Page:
Almanack Contributor Phil Brown

Phil Brown

Phil Brown is the former Editor of Adirondack Explorer, the regional bimonthly with a focus on outdoor recreation and environmental issues, the same topics he writes about here at Adirondack Almanack.

Phil is also an energetic outdoorsman whose job and personal interests often find him hiking, canoeing, rock climbing, trail running, and backcountry skiing.

He is the author of Adirondack Paddling: 60 Great Flatwater Adventures, which he co-published with the Adirondack Mountain Club, and the editor of Bob Marshall in the Adirondacks, an anthology of Marshall’s writings.

Visit Lost Pond Press for more information.


Wednesday, October 19, 2016

NYS Doesn’t Own 4 Parcels In Adirondack Rail-Trail Corridor

Adirondack Scenic RailroadThe state has identified four parcels along the Adirondack Rail Corridor that it doesn’t own, but officials say that shouldn’t hold up plans to build a controversial 34-mile rail trail between Lake Placid and Tupper Lake.

“As is often the case in projects like this, title questions arise that must be resolved. That is the case here,” Benning DeLaMater, a spokesman for the state Department of Environmental Conservation, said in an email to the Almanack.

Three of the parcels are in Saranac Lake and together comprise a 3,000-foot stretch of the corridor. One is owned by North Country Community College, and the other two are jointly owned by Essex County and Franklin County.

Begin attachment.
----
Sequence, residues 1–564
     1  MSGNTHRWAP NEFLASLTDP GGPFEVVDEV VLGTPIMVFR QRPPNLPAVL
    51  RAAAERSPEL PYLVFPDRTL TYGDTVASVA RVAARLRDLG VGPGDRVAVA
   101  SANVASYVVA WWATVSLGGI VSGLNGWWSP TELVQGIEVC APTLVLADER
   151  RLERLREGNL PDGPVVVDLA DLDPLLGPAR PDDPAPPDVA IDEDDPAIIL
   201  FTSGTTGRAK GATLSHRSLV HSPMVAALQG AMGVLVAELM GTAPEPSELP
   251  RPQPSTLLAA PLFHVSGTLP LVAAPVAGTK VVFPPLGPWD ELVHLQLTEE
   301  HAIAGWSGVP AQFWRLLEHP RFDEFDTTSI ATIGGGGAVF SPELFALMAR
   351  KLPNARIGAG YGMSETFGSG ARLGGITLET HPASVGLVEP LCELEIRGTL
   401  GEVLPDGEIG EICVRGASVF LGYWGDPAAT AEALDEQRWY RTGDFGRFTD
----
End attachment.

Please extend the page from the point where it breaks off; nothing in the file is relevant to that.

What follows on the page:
The fourth parcel, in Lake Placid, is owned by the Lake Placid-North Elba Historical Society, which operates a museum at the Lake Placid depot, where the rail line ends.

» Continue Reading.


Tuesday, October 18, 2016

Mike Carr Discusses Leaving Nature Conservancy

OLYMPUS DIGITAL CAMERAAfter 16 years on the job, Mike Carr says the time is right for him to step down as the executive director of the Adirondack chapter of the Nature Conservancy and to work full time for its affiliate, the Adirondack Land Trust.

Carr was instrumental in negotiating the deal to acquire 161,000 acres of Finch, Pruyn timberland for $110 million in 2007. Over the ensuing years, it sold 65,000 acres to the state. Most of the rest were protected with conservation easements.

The state purchased the last Finch, Pruyn parcel – the 20,758-acre Boreas Ponds Tract – in April. Over the next few years, the Nature Conservancy will oversee the removal of hunting camps on the Finch lands, but its work on the blockbuster deal is largely done.

“It feels like the right time,” Carr said when asked why he chose to change jobs now.

» Continue Reading.


Thursday, October 13, 2016

APA Fails To End Criticism Over Boreas Ponds Options